The CP requires students to adopt a variety of styles of learning and to also work together in teams.Paul Luxmoore - Executive Head Teacher of Dane Court Grammar School and King Ethelbert School, Kent
Career-related Programme: Frequently asked questions
A 2015 survey conducted by the CBI found that well over half (61 percent) of all businesses are concerned about young people’s understanding of soft skills and half feel that schools should do more to develop awareness of working life among young people aged 14 to 19 years. Recent findings by the Association of Accounting Technicians also reveal that 80 percent of young people feel their education has not prepared them for the world of work. It therefore makes sense that a programme exists to prepare students not only for higher education but also for the demands and expectations of the work place.
The Career-related Programme (CP) is an education model tailored to students who want to focus on career-related learning in the last two years of school or sixth form college. It allows students to create individual pathways that lead to either further study, apprenticeships or employment.
The CP requires students to complete at least two IB Diploma Programme (DP) courses of their choice, a career-related study (i.e. a BTEC) offered by the individual school or college and four unique CP core components. The DP courses provide the element of academic study; the career-related study provides practical real-world approaches to learning; and the CP core helps students to develop skills and competencies required for lifelong learning. The core consists of four components – personal and professional skills; service learning; language development; and a reflective project.
Personal and professional skills
The personal and professional skills course aims to develop responsibility, practical problem-solving, good intellectual habits, ethical understanding and perseverance; emphasis is placed on the development of skills needed to successfully navigate higher education, the workplace and society.
Service learning is the practical application of knowledge and skills towards meeting an identified community need. Through service, students develop and apply personal and social skills in real-life situations involving decision-making, problem-solving, initiative and responsibility for their actions.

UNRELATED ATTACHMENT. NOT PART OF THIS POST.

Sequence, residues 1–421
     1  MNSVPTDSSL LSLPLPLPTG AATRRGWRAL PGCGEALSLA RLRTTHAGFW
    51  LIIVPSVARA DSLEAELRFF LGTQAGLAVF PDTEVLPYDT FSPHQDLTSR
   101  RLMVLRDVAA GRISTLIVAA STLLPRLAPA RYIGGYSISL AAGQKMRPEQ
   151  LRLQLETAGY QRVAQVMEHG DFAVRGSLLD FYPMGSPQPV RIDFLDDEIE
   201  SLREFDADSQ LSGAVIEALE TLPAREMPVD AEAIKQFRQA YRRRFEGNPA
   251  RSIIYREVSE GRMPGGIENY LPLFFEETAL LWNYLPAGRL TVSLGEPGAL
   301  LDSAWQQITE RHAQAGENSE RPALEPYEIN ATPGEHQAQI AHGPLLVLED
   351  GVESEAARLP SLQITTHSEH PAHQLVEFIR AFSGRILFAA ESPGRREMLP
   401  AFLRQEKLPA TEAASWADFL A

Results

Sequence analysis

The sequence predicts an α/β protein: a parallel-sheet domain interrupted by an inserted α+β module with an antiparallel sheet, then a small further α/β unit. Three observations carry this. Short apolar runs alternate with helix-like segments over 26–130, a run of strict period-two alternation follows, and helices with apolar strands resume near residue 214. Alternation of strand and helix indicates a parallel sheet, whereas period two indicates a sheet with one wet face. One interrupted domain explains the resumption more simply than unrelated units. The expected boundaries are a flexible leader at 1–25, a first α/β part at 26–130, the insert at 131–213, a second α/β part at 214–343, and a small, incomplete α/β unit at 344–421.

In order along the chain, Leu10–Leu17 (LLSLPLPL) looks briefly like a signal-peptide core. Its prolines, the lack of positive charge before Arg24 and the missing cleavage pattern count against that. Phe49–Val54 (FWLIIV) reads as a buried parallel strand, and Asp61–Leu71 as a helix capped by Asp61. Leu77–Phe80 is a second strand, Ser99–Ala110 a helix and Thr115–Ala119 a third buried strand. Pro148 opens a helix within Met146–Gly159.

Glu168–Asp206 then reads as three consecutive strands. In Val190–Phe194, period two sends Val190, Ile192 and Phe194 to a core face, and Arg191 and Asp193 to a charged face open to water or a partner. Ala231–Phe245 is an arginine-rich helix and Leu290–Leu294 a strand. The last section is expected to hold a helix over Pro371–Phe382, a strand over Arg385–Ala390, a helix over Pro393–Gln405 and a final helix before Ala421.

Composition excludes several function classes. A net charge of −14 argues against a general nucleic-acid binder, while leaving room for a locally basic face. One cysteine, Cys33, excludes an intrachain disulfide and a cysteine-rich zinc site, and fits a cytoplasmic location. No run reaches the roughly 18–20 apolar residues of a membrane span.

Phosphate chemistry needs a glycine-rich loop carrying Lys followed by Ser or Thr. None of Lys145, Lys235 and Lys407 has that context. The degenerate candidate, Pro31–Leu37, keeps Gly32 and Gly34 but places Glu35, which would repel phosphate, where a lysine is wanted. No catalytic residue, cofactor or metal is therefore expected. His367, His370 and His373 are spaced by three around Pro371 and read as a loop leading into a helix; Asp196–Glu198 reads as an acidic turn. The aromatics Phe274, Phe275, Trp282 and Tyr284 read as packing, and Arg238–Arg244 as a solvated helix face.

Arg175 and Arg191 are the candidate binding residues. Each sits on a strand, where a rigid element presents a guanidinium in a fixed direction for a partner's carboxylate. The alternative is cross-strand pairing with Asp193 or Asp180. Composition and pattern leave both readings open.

Language development ensures that all CP students are exposed to another language other than their mother tongue. The opportunity to learn a second language is a central principle of an IB education.
The reflective project asks students to identify, analyse, critically discuss and evaluate an ethical issue arising from their career-related study, through an in-depth body of work produced over an extended period of time. This work encourages students to engage in personal enquiry, intellectual discovery, creativity, research and communication skills. .
Career readiness refers not only to content knowledge but to skills and habits that students must have developed to succeed in post-18 education or training that leads directly to the workplace.
The programme allows graduates who are beginning their careers to manage the complex demands of the 21st century by developing time management skills and intercultural understanding by learning to think critically, to write effectively and to collaborate.
The CP enables students to become self-confident, skilled and career-ready learners. Through a focus on work-related learning, the CP prepares young people with the skills set, outlook and academic grounding required for 21st century employment. The programme helps students to develop communication skills and intercultural understanding through their exposure to learning a second language.